New findings have revealed documents and testimony which clearly show that on 16 October 1943 it was the intentional lack of a public denunciation by Pius XII against the arrest of the Roman Jews which saved their lives and enabled their rescue.
A signed 1972 deposition of General Karl Wolff, SS commander for Italy and deputy to Heinrich Himmler, states that in September 1943 Adolf Hitler ordered him to develop a plan to invade the Vatican, kidnap the Pope, seize the Vatican assets, and kill the Roman Curia. This plan was to be carried out at once.
General Wolff knew that if this invasion were executed, massive riots throughout Europe would ensue, seriously hindering the German war effort. He said that he was successful in convincing Hitler to delay the invasion. This view of a potential military disaster was shared by the military governor of Rome, Major General Rainer Stahel, and the German ambassador to the Holy See, Ernst von Weizsäcker.
Pius XII learned of the invasion plan, and likewise believed that the result would be massive riots potentially killing thousands of innocent people and that the Vatican's neutrality would be breached, thereby enabling German forces to enter all Vatican properties. Handwritten minutes exist, which state that on 6 September 1943, Pius XII secretly called the cardinals together to tell them the Vatican would be invaded and he would be taken to the north and probably killed. The cardinals were to be prepared to leave for a neutral country immediately upon the invasion of Vatican territory.
He also signed a letter of resignation and placed it in his desk. He instructed the cardinals to form a government in exile and to elect a new Pope once they were safe.
Throughout this period, the ambassador von Weizsäcker sent deceptive positive messages about the Pope to Berlin to calm Hitler, not to justify an order to invade. Some critics of Pius XII have erroneously based their theories of papal complicity and collaboration on these intentionally misleading cables — what von Weizsäcker's lieutenant, Albrecht von Kessel, later called "tactical lies."
We have additional testimony from Lieutenant Nikolaus Kunkel, a German officer from the headquarters of the military governor of Rome, which corroborates documented evidence and testimony of exactly how Pius XII directly saved the Roman Jewish community and that they were expecting the invasion order from Berlin any day.
When the early morning arrests began on 16 October 1943, Pius XII was alerted to this by Princess Enza Pignatelli Aragona Cortes. He immediately took multiple steps to force the Germans to stop the arrests. He summoned the Vatican secretary of state, Cardinal Maglione, and instructed him to launch a vehement protest against the arrests. Cardinal Maglione warned von Weizsäcker that same morning, that the Pope could not remain silent as they arrested the Jews under his very windows, in his own diocese.
Pius XII then sent his nephew, Carlo Pacelli, to meet with a German sympathiser, Bishop Alois Hudal, to instruct him to write a letter to his German contacts to immediately stop the arrests.
This too proved ineffective. Pius XII's last effort, the most successful, was to send his close confidant, Salvatorian Superior General Father Pankratius Pfeiffer, to meet directly with the military governor of Rome, General Stahel. Father Pfeiffer warned Stahel that the Pope was going to launch a loud and public protest against these arrests if they were not stopped. Fear that this public protest would result in Hitler's ordering the invasion of the Vatican prompted Stahel to act.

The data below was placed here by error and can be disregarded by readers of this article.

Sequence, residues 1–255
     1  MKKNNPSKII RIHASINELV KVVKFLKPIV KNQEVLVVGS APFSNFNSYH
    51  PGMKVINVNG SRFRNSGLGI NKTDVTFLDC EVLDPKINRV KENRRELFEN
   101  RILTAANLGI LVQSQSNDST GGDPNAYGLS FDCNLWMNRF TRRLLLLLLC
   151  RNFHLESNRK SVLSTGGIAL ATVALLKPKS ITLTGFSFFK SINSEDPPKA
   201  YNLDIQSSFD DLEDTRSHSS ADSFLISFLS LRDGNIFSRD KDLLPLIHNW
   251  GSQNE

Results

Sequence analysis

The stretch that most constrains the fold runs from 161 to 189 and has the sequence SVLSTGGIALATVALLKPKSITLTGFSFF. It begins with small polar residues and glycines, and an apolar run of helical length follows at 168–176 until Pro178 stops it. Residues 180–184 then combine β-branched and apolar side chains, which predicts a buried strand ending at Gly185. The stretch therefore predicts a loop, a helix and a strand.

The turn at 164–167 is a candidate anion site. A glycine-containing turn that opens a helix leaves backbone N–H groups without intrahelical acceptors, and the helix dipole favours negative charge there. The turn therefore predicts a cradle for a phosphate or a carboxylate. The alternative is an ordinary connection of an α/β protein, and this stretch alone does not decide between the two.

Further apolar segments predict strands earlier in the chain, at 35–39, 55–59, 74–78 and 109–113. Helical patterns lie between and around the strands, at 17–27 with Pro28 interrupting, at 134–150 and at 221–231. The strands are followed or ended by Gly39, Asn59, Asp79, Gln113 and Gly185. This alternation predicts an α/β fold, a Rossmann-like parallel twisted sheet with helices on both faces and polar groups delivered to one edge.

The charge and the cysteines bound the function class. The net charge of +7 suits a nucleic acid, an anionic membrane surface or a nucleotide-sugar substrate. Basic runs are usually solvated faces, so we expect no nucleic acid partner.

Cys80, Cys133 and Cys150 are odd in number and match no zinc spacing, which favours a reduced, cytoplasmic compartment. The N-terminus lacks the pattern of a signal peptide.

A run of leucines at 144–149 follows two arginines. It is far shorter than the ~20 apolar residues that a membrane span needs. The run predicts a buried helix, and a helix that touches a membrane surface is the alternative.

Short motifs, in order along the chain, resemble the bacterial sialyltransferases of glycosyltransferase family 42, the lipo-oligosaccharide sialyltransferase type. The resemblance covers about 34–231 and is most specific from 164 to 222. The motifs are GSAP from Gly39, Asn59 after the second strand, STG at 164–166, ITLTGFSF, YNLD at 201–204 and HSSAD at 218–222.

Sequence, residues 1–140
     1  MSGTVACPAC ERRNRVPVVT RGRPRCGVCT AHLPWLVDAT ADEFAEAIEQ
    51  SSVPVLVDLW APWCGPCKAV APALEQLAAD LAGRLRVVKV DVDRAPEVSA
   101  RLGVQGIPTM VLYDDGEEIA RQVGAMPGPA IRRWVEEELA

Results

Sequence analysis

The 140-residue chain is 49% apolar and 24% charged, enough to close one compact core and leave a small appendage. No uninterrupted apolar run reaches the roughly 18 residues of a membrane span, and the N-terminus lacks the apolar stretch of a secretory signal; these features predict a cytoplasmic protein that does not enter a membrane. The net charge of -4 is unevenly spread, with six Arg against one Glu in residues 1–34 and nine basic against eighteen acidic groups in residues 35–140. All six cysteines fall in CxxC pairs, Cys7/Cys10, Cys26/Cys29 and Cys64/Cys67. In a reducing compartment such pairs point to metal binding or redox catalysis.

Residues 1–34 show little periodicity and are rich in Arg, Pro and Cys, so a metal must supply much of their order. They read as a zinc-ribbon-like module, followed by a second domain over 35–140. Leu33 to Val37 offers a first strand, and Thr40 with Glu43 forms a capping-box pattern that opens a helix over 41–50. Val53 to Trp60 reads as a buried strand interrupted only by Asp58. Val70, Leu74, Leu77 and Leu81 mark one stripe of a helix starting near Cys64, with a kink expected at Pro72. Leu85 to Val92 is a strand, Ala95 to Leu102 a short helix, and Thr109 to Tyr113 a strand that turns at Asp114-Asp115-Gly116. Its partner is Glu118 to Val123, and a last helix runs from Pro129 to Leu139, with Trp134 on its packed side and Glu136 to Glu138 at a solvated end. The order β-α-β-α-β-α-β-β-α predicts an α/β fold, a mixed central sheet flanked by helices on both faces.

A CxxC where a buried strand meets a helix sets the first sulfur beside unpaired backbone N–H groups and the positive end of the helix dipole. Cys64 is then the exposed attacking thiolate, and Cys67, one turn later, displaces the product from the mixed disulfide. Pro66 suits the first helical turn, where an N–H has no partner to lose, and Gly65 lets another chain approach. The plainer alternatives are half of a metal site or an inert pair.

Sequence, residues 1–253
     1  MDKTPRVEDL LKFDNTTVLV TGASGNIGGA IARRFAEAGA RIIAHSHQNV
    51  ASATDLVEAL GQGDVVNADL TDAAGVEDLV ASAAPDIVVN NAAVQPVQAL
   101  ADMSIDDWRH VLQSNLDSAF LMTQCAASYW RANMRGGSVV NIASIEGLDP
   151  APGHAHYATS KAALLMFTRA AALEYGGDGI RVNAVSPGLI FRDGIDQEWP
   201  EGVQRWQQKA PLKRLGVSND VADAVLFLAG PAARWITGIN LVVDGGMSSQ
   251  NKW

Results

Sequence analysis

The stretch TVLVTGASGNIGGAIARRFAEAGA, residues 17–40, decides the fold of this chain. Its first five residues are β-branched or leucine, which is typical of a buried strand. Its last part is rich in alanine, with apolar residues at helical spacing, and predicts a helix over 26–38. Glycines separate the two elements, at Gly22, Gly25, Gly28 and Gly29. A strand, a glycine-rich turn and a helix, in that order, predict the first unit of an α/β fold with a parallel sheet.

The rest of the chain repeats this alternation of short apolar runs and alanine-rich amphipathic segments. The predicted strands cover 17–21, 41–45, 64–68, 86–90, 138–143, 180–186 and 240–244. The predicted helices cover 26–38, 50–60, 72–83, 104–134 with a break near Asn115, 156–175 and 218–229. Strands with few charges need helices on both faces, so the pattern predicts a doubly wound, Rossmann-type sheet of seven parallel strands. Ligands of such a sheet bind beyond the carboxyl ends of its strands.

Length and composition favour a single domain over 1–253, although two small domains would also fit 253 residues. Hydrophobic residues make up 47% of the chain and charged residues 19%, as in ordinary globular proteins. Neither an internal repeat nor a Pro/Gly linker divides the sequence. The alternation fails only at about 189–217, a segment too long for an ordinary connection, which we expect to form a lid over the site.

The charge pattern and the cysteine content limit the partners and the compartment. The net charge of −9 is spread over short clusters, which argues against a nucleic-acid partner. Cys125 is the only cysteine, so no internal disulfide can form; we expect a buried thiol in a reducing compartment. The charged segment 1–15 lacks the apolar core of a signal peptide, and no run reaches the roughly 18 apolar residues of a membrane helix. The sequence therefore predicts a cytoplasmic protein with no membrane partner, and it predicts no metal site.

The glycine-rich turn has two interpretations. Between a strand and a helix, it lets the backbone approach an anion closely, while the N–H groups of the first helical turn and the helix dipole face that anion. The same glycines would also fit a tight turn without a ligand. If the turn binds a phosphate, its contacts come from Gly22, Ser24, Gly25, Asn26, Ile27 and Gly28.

General Stahel immediately telephoned Heinrich Himmler, and fabricated military grounds to stop the arrests. Trusting Stahel's assessment, Himmler advised Hitler to stop the arrests. The order to stop the arrests was issued at noon on 16 October, resulting in its implementation by 2 pm on the day they began.
This sequence of events was independently confirmed by General Dietrich Beelitz, the liaison officer with Field Marshal Albert Kesselring's office and Hitler's command. Beelitz personally heard the Stahel-Himmler conversation. When Stahel's deception later became known, Himmler punished General Stahel by sending him to the Eastern front.
It was known that the Vatican was infiltrated with spies. The Pope could only send trusted priests and confidants throughout Rome and Italy with verbal and written papal orders to lift cloister, allowing men and women to enter Catholic convents and monasteries, and ordered all ecclesiastical institutions to hide the Jews wherever they could.
According to famed British historian Sir Martin Gilbert, the Vatican hid thousands of Jews in literally one day. Once hidden, the Vatican continued to feed and support their Jewish "guests" until Rome's liberation on 4 June 1944.
It was recently discovered in the American archives that the Allies had broken the German codes and knew almost a week in advance of the intended arrests of the Roman Jews. The Allies decided not to warn the Romans since this might alert the Germans to this intelligence breach. This decision left Pope Pius XII alone, without advance notice, to try to end the arrests.
When speaking of Pope Pius XII, the foremost Jewish scholar of the Holocaust in Hungary, Jeno Levai, stated that it was a "particularly regrettable irony that the one person in all of occupied Europe who did more than anyone else to halt the dreadful crime and alleviate its consequences is today made the scapegoat for the failures of others."
With acknowledgement to Zenit News Service and Pave the Way Foundation which retrieved the World War II documents.